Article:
The bog waters

Along the trail
 The trail did enter a bit of a woodland briefly around the southwest end of the bog. I found some cedar waxwings nearby here. 

Swamp Sparrow

Can you find the duck?

Solitary Sandpiper
 On the other side of the bog I was delighted to encounter this solitary sandpiper, my First of the Year! I was lucky to get it before it headed south for the winter! 

Solitary Sandpiper reflecting on Life!

Female Mallard
 Of course, there were the usual Mallards hanging about. Most of them were quite tame as if they have been fed before. But I also found some Green-winged and blue-winged teal, which was nice, but they were so far across the bog and in the weeds and stumps that I was not able to get a decent photo of them. They were a bit more shy and moved into cover when they spotted me.

 A big surprise was this merlin that showed up. My, are they ever fast! It flew out of this tree and back a couple of times before taking off and disappearing for good. 

Great Egret far across the bog.
 When I spotted these Great Egrets across the bog eBird flagged them as rare. I guess they should have already migrated, but there were at least 4 of them still hanging around. They were so far across the bog and in such a hunched position that I almost thought they were Cattle Egrets when I first saw them, which would be an even rarer occurrence! You can see the yellow bills on them. Snowy egrets would have black bills. 

Mallard welcoming committee

Showing a little wing!
 I had a great time at the Essex Woods bog and would definitely go back again. I can see why it has been named an eBird Hotspot!


Wednesday, January 6, 2016

Notes from My Nest: A Winter's Morn

View to the North from living room windows 1-6-16
It is cold, gray, and still on this Winter’s morn as I open the curtains and gaze across the yard. Through the trees I see the silver plate that is Middle Bay, calm now after the fierce winds of the last 3 days which whipped t into whitecaps and roared through the trees. A shallow blanket of snow still covers the ground, a remnant from last week’s first winter storm. Through those same trees I can also see the multi-colored Christmas lights still twinkling on my neighbor’s front yard Christmas tree. Somehow seeing them there makes me happy. While I do not know that neighbor, their lights seem friendly and welcoming, a small gift to this little neighborhood on the back roads of Maine.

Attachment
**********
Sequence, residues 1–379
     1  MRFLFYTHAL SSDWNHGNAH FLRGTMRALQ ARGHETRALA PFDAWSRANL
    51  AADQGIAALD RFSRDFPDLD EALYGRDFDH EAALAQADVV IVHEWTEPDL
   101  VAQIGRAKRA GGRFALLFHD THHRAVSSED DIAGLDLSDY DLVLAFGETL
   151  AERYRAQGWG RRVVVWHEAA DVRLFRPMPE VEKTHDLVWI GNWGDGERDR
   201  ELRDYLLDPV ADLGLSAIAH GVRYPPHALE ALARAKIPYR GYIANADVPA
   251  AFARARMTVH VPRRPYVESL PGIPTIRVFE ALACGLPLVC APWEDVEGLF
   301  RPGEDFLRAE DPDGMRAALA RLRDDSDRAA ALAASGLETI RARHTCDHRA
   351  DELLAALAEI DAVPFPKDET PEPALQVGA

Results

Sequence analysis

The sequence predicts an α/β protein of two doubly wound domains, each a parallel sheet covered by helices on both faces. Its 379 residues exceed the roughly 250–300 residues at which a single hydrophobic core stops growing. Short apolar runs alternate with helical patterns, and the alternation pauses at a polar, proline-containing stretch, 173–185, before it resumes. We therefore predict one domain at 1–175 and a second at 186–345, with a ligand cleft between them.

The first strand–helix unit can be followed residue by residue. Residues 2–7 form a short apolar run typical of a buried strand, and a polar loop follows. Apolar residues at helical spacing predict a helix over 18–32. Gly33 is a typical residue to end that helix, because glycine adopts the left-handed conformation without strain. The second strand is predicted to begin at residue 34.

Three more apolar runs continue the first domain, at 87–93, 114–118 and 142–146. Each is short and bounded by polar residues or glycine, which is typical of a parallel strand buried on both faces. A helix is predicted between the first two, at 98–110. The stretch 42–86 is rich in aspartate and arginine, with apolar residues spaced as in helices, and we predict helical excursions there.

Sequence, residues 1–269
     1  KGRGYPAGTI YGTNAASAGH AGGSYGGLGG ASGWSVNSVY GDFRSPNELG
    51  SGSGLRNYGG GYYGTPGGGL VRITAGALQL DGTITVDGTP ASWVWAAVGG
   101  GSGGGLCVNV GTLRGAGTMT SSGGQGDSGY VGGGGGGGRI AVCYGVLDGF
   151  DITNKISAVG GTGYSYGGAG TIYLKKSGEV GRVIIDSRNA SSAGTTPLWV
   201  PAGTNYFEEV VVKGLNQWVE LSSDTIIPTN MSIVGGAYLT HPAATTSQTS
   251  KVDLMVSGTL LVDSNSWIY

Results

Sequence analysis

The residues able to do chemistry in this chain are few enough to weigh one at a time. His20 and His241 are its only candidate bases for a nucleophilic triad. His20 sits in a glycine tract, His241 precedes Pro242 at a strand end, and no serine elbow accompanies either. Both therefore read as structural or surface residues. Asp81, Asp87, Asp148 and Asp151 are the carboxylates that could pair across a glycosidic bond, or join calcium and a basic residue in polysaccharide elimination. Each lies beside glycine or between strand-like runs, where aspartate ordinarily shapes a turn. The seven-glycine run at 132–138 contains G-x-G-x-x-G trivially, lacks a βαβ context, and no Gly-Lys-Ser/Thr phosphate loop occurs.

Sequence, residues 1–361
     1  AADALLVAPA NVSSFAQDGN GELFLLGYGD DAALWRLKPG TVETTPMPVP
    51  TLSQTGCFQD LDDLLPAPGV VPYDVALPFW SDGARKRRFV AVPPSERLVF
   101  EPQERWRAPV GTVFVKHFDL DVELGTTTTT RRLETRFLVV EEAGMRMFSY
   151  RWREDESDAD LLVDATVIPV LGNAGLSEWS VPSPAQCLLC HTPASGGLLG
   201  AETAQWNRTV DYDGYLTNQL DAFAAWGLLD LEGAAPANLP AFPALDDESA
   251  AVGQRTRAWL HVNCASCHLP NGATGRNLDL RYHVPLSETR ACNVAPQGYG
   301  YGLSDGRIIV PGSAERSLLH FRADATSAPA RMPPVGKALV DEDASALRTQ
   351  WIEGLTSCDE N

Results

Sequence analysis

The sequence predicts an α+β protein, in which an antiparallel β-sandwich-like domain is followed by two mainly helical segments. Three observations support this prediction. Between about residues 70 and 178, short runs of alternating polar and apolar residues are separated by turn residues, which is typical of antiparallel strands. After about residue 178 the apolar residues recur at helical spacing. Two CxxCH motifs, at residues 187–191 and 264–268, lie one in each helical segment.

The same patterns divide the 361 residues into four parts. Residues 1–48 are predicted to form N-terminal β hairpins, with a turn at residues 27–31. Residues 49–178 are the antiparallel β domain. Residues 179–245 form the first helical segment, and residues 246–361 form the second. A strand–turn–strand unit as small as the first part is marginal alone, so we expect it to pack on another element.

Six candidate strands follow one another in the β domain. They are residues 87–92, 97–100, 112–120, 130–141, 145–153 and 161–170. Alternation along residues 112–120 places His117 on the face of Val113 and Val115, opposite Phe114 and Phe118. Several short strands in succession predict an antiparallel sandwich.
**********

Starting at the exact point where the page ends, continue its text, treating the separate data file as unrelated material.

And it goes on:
waiting for the sun 7:32a on 1-6-2016

While the bay is seen out the North windows of this house, a walk to the dining room windows reveals a sliver of a moon rising over the trees, resting on its back with the Morning star shining as its companion. I only see patches of sky from this house. We are set down in a hollow with trees all around and a tree-lined ridge silhouetted against the sky. From the back deck I can hear the small creek tumbling and splashing on its way to the bay just beyond the edge of the yard. As the sky starts to brighten to mouse gray and then blush and blue, the yard birds start to arrive.

A song sparrow makes a surprising first appearance today, followed by the little dark-eyed juncos. Soon a mourning dove settles down onto the platform feeder, and even through the closed windows I can hear the whistle of its wings. Often when I open the curtains in the morning I startle a murder of crows. It is not unusual for me to find 30 to 40 crows in the yard but once the see activity in the house they disperse, and I will only see a few at a time throughout the rest of the day. I have tried on occasion to get a picture of their number, but they always fly off when they see me, no matter how stealthy I try to be! They are just too smart for me!

This morning I am being treated to a pair of Golden-crowned kinglets flitting about in the trees just outside my window. They are so tiny and cute with their golden streaks like racing stripes over their crowns of their heads. I hear their tiny silver whistles as they flit from branch to branch and from the back they briefly remind me of the Hutton’s vireos I would see in Tucson when I lived there. But I am here now in the Maine woods in winter with snow covering the ground and the flat water of the bay turning pink and blue in ribbons like bolts of silk laid out on display. I am still waiting for the sun to rise over the ridge at 8a. The day has begun in this New Year, filled with promise, hope, and birds!

8:19 a.m.

Notes: Yes, I have been out counting birds. While I am not specifically trying to do a Big January, I am still keeping track and so far have added at least one new species to my 2016 Year List every day so far, except for January 4th when it was so freezing cold that the birds and I all stayed home! My goal for this year is to get a new computer and a new camera or lens and then learn how to use them both! While Gus’ old 18-200 mm lens is what I am using right now after my 300 mm broke back in October, I am finding myself frustrated by the lack of magnification. I just cannot get the birds as well as I could with the 300, even though it was heavier! So, if you don’t hear from me at times, it is because I am out birding, or trying to learn new things! It also takes more time to compose a blog post ever since Live Writer has gone defunct. I am still adjusting to THAT! Happy New Year everyone! Thanks for reading my blog!

2016 Stats

Total Species: 
  • Life 483  
  • Year 39
  • Month 39
Yard Birds
  • Life 75
  • Year 21
  • Month 21
Sunlight on the edge 8:30 a.m.